I am curious, however: I have met many Christians, family included, who have told me repeatedly that because I do not believe in the divinity of Christ that I am destined for damnation. While I understand that Christian tenets say that the only way to come to God is through Christ, I feel that it is extremely alienating and while it follows the letter of the law, so to say, it defies the spirit of the law by prohibiting brotherhood and love among all mankind.

    What are your views on such vigorous condemnation of non-Christians? If I met you on the street, would you tell me I was going to Hell, or would you recognize the validity of my own faith and righteousness?

    Thank you for your time!


  6. Todd Burus Says:


    First, I would like to say thank you for taking the time to read my blog and offer your compliments and questions.

    That said, I would like to answer your question with as much sincerity and sensitivity as possible. Starting from the basics, you ask what my “views [are] on such vigorous condemnation of non-Christians” and if we met on the street if I would tell you that you are going to hell? Personally, I am against “Christians” in our culture going about vigorously condemning people, behaving like the loons you see on college campuses wearing sandwich boards and calling all of the girls in shorts “whores.” I believe that this type of behavior has done unspeakable damage to the spread of the Gospel in America and feel the Bible opposes it almost always. Neither would I go up myself to anybody and say, “Do you have faith in Christ? No? then you’re going to hell.” Again, this style of evangelism is so against the teachings of the Bible that it should never be considered.

    But as to your question of would I “recognize the validity of [your] own faith and righteousness” I would have to say no. Don’t get me wrong. I would certainly recognize that that is what you believe, even that you believe it sincerely, but I would not recognize that those beliefs, if lying outside of faith in Christ as revealed in the Bible, will save you or are capable of producing any true righteousness. As far as righteousness, I don’t even believe that Christians have a righteousness that is their own anyways, but are only righteous in the extent that Christ’s righteousness is made to stand for them (this is called ‘imputed righteousness’ in theology and comes from 2 Corinthians 5.17 among other verses). And with salvation, I believe that Jesus is the only way, that “no man comes to the Father except through [him]” (John 14.6) and that the way you do this is by “confess[ing] with your mouth that Jesus is Lord and believ[ing] in your heart that God raised him from the dead” (Romans 10.9).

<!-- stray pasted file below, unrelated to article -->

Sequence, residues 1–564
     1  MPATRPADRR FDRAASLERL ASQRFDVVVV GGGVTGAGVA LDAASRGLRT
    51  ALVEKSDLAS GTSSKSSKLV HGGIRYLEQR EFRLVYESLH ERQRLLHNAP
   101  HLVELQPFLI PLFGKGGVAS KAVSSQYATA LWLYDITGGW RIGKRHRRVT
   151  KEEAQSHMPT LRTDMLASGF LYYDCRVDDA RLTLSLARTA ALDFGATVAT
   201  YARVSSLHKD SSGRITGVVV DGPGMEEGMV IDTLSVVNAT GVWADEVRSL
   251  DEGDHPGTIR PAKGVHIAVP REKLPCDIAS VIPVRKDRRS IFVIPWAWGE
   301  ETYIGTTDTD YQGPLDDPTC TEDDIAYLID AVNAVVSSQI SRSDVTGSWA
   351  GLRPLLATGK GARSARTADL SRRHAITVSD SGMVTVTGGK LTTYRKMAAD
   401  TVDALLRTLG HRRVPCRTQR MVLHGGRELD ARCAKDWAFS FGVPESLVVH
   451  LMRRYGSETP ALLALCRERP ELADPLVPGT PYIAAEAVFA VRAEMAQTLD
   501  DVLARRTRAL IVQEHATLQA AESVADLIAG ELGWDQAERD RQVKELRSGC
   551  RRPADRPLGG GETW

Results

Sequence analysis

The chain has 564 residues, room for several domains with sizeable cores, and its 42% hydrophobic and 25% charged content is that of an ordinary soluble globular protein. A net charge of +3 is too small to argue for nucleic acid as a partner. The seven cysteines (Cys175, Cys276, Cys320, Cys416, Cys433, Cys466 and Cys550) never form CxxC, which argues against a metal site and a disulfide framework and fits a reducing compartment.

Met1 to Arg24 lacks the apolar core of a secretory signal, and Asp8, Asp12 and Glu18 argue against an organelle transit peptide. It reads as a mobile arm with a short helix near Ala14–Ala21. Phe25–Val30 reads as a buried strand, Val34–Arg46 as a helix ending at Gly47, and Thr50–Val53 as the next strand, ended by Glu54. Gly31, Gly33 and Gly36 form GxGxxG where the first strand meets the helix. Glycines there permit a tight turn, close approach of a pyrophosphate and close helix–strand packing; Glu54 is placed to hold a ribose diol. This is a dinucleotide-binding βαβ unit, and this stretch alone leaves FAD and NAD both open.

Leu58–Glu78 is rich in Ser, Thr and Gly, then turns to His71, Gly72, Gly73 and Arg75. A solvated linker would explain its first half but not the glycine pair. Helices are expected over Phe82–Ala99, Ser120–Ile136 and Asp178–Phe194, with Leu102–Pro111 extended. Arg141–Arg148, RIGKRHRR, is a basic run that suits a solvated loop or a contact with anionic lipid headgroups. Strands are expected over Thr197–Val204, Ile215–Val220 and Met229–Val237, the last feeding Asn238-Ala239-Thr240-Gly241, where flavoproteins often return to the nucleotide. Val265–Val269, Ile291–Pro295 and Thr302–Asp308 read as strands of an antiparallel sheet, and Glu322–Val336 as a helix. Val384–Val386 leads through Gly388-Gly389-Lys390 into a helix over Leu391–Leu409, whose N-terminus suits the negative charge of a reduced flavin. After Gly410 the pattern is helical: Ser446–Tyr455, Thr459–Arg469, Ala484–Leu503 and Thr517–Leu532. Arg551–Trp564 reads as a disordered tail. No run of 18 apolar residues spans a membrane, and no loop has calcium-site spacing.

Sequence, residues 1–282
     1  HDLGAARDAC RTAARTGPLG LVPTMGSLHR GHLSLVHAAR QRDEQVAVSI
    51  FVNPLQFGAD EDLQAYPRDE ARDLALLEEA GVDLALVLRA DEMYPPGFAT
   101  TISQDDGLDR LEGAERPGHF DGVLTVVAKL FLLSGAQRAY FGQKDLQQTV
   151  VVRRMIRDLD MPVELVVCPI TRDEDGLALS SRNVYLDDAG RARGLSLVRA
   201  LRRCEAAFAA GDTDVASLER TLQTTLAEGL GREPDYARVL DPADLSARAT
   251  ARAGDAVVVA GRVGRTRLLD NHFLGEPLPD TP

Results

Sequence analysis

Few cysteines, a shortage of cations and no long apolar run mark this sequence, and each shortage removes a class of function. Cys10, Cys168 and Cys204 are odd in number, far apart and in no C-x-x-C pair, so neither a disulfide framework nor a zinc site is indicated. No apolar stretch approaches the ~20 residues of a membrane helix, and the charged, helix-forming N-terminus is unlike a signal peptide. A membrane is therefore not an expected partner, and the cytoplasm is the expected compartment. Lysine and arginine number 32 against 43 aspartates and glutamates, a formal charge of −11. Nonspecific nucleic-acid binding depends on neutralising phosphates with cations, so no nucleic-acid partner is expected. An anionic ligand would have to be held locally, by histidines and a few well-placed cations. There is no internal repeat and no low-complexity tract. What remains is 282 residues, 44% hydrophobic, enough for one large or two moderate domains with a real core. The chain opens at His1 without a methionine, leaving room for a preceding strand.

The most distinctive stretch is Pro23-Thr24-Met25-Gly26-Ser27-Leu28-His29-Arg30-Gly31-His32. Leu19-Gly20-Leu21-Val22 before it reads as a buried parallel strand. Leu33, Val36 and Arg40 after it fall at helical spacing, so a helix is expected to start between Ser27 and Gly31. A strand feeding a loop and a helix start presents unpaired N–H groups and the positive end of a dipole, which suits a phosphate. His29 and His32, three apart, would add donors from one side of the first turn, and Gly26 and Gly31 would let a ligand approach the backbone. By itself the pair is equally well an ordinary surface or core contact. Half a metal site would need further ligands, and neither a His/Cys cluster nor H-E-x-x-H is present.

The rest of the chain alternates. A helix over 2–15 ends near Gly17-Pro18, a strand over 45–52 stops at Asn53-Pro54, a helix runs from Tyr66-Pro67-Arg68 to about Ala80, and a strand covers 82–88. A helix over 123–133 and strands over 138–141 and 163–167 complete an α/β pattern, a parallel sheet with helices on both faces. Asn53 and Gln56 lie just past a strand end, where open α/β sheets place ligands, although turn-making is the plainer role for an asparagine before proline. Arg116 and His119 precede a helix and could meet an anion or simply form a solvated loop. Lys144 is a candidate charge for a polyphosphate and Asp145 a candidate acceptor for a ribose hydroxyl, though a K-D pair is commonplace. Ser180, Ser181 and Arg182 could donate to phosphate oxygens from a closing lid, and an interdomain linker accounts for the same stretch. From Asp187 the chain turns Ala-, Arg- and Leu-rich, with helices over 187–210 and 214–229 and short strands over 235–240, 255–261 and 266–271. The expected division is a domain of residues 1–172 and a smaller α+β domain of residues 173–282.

You make mention of the distinction between the “letter of the law” and the “spirit of the law.” This comes from 2 Corinthians 3.6, which says (starting in verse 5), “Not that we are sufficient in ourselves to claim anything as coming from us, but our sufficiency is from God, who has made us competent to be ministers of a new covenant, not of the letter but of the Spirit. For the letter kills, but the Spirit gives life.” So, what we see is that Paul is saying that he and his fellow teachers have been made “ministers of [the] new covenant . . . of the Spirit.” What he is trying to convey is the fact that it is no longer a covenant based on obedience to a set of rules (the letter of the Law) which leads to salvation, but it is a promise based on “the Spirit.” But what does this mean? Well, look back to verse 3 and you will see that “the Spirit” is “the Spirit of the living God.” So, when we say “For the letter kills, but the Spirit gives life,” we don’t mean “the spirit of the law” as in its’ essence or motivation, but we actually mean “the Spirit of the living God” which is the Holy Spirit, the third member of the Trinity

    And how is it that “the [Holy] Spirit gives life”? Because it is the Holy Spirit which seals us in the faith when we have believed in Christ (Ephesians 1.13-14), who indwells us upon salvation (Acts 2.38). It “gives life” because it is the means by which God can “[cause] us to be born again to a living hope through the resurrection of Jesus Christ from the dead” (1 Peter 1.3) even though we are all “dead in the trespasses and sins” in which we walk (Ephesians 2.1).

    Now, as far as being alienating, I guess it is; but that alienation is not the result of legalism, it is a result of the exclusive nature of Christ and the exclusive means of faith in him which is presecribed for salvation. Then do Christians need to alienate people in the way they usually do? Certainly not. The unfortunate thing is that a lot of Christians forget that they themselves are no more deserving of being saved than anyone else, and so instead of carrying the Gospel message to all people in humility and performing good deeds of charity they become arrogant and give off an aire of moral superiority which adds to the offense of the cross.